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Sophiatown Revisited





Historic picture tells a tale of kindness

Siblings revisit sites of their childhood

OW THE children have grown!

When they shot into prominence, siblings Edgar and his younger sister, Fanny Kgosi, were barely out of their nappies and were caught on camera holding on to the cassock of antiapartheid cleric Father Trevor Huddleston on a patch of dirt road outside the Sophiatown church headed by the man of the cloth.

According to the two, they were just on one of their routine walks with Huddleston, who babysat them until their mother, a nurse at a clinic in the vicinity of the church, finished work.

“We left crèche at two and between then and my mother’s knock-off time at five, we’d be left with Father Huddleston, who did not have any children of his own,’ Edgar recalls.

This was such a common sight in Kofifi that the two would soon come to be known as The Children of Father Huddleston.

They have hitherto largely remained nameless, just two tiny figures dwarfed by the giant of a man who immortalised the picture.

Up to this day none of the congregants at the Christ the King Anglican Church on Ray Street are likely to be bothered by the identity of the children holding on to the revered Huddleston. The picture proper is framed, and a few variations of it adorn the entrance to the church. A prominent artist’s

Himpression of the picture is daubed on the wall.

Also in the entrance is a framed shot of Father Huddleston with the late ANC stalwart OR Tambo.

In another photo, Huddleston is seen posing next to a picture of another ANC pioneer, Chief Albert Luthuli.

Christ the King is arguably the only church in the country where pictures of the struggle compete for space on the walls with images of the religious deity.

When the Kgosi duo entered the church, it was an emotional moment that opened the tear ducts. Although they live in Soweto, they last set foot on Ray Street – and the church – in the days leading up to the forced removals that reduced the fabled township to rubble, making way for a whites-only suburb, Triomf.

The Kgosis do not remember any of the conversations that could have passed between them and Huddleston. “Each time I saw him,” says Edgar, “I was in awe. Everybody wanted to speak to him. I saw someone close to God.”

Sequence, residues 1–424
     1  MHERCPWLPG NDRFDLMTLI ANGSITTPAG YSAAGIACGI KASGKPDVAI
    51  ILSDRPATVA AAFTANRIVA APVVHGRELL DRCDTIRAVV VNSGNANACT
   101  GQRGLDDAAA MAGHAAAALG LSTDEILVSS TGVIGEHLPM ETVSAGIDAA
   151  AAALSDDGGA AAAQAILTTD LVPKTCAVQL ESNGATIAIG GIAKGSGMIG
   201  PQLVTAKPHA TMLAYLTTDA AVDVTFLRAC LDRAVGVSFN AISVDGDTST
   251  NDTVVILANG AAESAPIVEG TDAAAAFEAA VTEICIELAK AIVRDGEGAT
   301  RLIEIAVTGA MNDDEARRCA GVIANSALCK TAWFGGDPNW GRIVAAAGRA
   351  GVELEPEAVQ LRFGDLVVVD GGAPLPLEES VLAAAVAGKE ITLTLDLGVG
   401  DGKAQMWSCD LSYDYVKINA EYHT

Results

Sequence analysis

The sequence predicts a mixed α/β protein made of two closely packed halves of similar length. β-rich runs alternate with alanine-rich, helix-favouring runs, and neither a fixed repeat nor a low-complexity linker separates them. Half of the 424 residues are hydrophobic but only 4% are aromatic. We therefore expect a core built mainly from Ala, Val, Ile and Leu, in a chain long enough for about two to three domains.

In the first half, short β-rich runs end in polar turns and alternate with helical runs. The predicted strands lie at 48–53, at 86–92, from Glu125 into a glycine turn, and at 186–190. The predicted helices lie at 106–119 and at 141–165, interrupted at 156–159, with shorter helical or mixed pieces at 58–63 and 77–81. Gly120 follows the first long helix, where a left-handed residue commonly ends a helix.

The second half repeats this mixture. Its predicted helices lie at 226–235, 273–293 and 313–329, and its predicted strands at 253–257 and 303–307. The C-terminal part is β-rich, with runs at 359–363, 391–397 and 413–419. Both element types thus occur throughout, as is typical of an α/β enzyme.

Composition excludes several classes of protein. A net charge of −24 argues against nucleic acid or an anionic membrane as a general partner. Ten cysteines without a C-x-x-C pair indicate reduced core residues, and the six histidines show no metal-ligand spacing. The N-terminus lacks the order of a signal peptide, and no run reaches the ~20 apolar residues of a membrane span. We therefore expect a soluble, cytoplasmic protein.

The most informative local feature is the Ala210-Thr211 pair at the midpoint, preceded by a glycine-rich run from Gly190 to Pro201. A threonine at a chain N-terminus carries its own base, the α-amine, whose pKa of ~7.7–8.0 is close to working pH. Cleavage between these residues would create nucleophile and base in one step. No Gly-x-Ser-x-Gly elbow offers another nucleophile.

What Edgar can recall with some degree of certainty is that Father Huddleston would bring warring gangs together, call a truce. Among those history records as having been touched by the reconciliatory spirit of Father Huddleston was the notorious Americans gangster, George “Kort Boy” Mpalweni, who went to seek guidance from the Anglican priest after he’d stabbed a school principal to death.

The church also ran a school, the famous St Peter’s – the Eton of South Africa, as it was proudly called.

Many graduates went on to become legends in their chosen fields of endeavour. When literary icon E’skia Mphahlele was kicked

out of his teaching post, he went to work at St Peter’s, where Huddleston paid him out of the school funds.

Huddleston is the same mfundisi who f amously bought musician Hugh Masekela a saxophone, as a gift.

The Kgosi children went for daily walkabouts with this great man.

They lost contact with him during the helter-skelter of the forced removals. He left Sophiatown in January 1956, returning to his native England which he no longer considered home. In his own words, he had become an African.

Fanny went into exile while Edgar got embroiled in student politics in the years of Onkgopotse Tiro. He had as contemporaries on campus such names as Cyril Ramaphosa and Tiyani Lybon Mabasa.

“We were brought up in the Anglican church and the ANC,” says Edgar, who goes by the street name Slick.

His late mother, he says, echoed by his sister, lived for the church and the liberation movement.

Today they can only watch from the sidelines, the siblings say, as others get ahead of them in the ANC.

After many interruptions, Slick got to finish his BA in Economics only after a five-year stint at Turf.

Fanny toured the world with Jonas Gwangwa and the Amandla Group as a singer and dancer.

They did not bury Huddleston, who died in England in 1998, aged 85. All they have is this historic picture with him, and the memories of a bygone era.

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